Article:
Thursday, 1 March 2012

"After-Birth Abortions"

Newspapers are bubbling today with the scandalous words of an Oxford University academic who has maintained that doctors should have the right to kill newborn babies, simply because they are disabled. Philosopher and medical ethicist Francesca Minerva argues that killing a newborn is little different to aborting it in the womb. The article, published in the Journal of Medical Ethics, says newborn babies are not “actual persons” and do not have a “moral right to life”.

The Guardian
The Telegraph
The Daily Mail

The sceptic in me doubts that this is anything more than an effort to prove abortion is "wrong" and "evil" by attempting to evoke human emotion through pushing the idea of killing a baby and then comparing it to abortion.

I can understand, in a way, where these academics are coming from because whether you kill the baby before or after it is actually born, the end result is that it doesn't grow up and this makes the two actions similar at a moral level. If you follow this argument to its natural conclusion, a newborn shouldn't necessarily have the right to life just because it’s not in the womb any more - it's essentially exactly the same as it was inside the womb. After all, in Holland these “after birth abortions” are carried out when a baby is disabled (see here). In the wild it's called culling, and most animals do it to their young.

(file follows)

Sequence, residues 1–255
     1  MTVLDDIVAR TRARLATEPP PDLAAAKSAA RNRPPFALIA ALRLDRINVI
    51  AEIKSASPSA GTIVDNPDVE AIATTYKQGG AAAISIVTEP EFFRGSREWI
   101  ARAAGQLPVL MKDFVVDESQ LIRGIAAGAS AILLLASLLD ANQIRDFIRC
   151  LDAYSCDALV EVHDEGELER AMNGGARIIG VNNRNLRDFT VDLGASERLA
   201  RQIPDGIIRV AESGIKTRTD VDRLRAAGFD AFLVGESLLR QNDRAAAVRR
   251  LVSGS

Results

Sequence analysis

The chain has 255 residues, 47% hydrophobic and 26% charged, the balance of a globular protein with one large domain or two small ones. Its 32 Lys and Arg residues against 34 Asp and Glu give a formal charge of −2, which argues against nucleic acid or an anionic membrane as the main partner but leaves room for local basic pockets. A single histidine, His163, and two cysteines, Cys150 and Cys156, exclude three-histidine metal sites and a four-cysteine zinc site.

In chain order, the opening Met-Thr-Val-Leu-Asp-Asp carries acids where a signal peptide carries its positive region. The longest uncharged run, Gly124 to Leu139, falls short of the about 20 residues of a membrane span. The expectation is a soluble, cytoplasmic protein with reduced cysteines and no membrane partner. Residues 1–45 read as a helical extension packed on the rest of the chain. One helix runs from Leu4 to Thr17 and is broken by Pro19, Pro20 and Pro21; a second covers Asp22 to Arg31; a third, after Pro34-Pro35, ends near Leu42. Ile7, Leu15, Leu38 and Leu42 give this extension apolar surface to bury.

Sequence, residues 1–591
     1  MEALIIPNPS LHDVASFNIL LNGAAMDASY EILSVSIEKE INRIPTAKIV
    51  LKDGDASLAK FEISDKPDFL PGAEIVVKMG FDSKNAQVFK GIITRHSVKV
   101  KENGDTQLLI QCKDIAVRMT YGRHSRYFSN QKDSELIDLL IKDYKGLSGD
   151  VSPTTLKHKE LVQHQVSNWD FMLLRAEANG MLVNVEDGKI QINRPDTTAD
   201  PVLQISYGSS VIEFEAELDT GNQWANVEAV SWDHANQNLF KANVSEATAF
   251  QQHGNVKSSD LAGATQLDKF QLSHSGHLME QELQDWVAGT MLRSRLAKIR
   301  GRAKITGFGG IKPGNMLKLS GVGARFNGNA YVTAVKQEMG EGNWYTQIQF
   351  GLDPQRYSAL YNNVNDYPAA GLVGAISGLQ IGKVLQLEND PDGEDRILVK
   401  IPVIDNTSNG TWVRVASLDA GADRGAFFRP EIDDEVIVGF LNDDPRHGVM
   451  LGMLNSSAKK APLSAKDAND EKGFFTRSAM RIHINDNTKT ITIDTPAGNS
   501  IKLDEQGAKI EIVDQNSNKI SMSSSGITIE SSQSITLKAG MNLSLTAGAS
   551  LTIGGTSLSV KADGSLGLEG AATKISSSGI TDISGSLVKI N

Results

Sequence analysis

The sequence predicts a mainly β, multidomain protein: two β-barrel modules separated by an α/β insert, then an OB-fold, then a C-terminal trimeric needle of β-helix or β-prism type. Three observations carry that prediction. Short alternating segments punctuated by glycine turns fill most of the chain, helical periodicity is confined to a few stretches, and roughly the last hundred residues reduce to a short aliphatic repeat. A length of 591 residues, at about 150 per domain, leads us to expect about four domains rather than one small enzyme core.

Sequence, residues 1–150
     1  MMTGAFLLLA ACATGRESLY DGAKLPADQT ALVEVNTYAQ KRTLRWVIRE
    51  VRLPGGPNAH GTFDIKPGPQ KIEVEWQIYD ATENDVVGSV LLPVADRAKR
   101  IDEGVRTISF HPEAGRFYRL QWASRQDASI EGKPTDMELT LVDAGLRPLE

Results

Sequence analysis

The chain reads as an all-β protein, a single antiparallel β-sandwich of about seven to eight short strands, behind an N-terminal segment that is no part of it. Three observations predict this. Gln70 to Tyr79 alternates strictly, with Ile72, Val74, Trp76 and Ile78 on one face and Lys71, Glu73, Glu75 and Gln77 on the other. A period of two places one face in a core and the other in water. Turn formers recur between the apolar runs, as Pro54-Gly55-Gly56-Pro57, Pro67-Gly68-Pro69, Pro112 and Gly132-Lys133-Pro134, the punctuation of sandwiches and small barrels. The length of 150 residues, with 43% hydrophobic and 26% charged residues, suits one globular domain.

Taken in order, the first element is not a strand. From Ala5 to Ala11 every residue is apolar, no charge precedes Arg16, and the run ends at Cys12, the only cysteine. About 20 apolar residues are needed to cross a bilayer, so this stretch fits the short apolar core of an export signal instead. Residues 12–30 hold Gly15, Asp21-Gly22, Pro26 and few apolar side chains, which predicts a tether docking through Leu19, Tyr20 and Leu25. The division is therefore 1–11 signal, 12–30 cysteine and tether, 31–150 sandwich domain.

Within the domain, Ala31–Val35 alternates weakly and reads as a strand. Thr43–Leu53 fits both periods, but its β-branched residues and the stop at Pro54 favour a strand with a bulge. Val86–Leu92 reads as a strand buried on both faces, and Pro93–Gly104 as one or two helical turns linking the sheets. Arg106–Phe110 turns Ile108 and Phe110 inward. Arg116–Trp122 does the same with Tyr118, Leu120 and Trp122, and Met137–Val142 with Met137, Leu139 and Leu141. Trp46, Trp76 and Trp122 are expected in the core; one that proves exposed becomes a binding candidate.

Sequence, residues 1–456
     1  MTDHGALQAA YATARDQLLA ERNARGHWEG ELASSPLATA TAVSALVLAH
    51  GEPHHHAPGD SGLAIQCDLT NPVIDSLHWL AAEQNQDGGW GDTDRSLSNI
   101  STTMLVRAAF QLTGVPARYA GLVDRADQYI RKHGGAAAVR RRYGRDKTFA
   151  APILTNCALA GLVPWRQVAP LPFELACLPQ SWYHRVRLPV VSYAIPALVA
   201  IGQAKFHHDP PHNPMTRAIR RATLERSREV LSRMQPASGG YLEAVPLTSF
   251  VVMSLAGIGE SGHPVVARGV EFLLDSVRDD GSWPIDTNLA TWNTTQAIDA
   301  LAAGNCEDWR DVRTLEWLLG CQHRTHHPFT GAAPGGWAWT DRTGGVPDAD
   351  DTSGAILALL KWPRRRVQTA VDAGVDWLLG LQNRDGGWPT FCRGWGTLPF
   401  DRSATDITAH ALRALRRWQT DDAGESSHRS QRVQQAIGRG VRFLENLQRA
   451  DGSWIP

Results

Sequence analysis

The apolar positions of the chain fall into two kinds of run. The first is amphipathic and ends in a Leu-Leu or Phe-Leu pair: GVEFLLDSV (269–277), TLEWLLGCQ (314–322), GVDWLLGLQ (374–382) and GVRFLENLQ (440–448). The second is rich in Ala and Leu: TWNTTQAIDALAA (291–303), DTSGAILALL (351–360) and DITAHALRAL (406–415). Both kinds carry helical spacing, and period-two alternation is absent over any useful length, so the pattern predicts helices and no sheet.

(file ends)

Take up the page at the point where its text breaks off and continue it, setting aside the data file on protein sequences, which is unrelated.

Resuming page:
This argument maintains that the right to life should be related to whether the life is sentient or not. Otherwise it is an unthinking mindless object, killing it would be as morally wrong as chopping down a tree.

Trees are not human of course. Should human status evoke special protection? The pro-choice argument maintains that just because you've got the same DNA and genes as a human doesn't mean you should have the right to life. It's when you attain personhood and sentience. This, the Oxford academics are arguing, occurs several months after birth.

However, babies do think. They have feelings and emotions, they're not like trees. If you shout at a baby it get's scared and upset and cries; if you shout at a tree nothing happens. A newborn baby can feel, it can react, it can recognize, it has a functioning brain. It feels pain, it has emotions, it gets upset, it feels comforted by being held and being fed and soothed (see Lewis. M, The Emergence of Human Emotions).

Ultimately the abortion debate can be viewed as a broad spectrum with two polar opposites at either side. On one hand:

A) Biological definition of human so abortion post-fertilization wouldn't be permissible.

And on the other hand:

B) Philosophical definition of person (sentient) which means killing new born could be justified.

Most people opt for the middle ground: fetal viability. These academics are opting for B. What’s your opinion?

As for the disability discrimination issue, the pro after-birth argument maintains that the cost to society of accommodating disabled people outweighs the benefits. World famous physicist/mathematician Stephen Hawkings might have a thing or two to say about that:

Hawking is considered the greatest scientist of the twentieth century after Einstein (who himself had a learning disability and did not speak until age 3).

If you guys want to read the actual paper as opposed to a summarized version, see here.

8 comments: said...

Hi, thanks for sharing. Of course I feel sick having read it.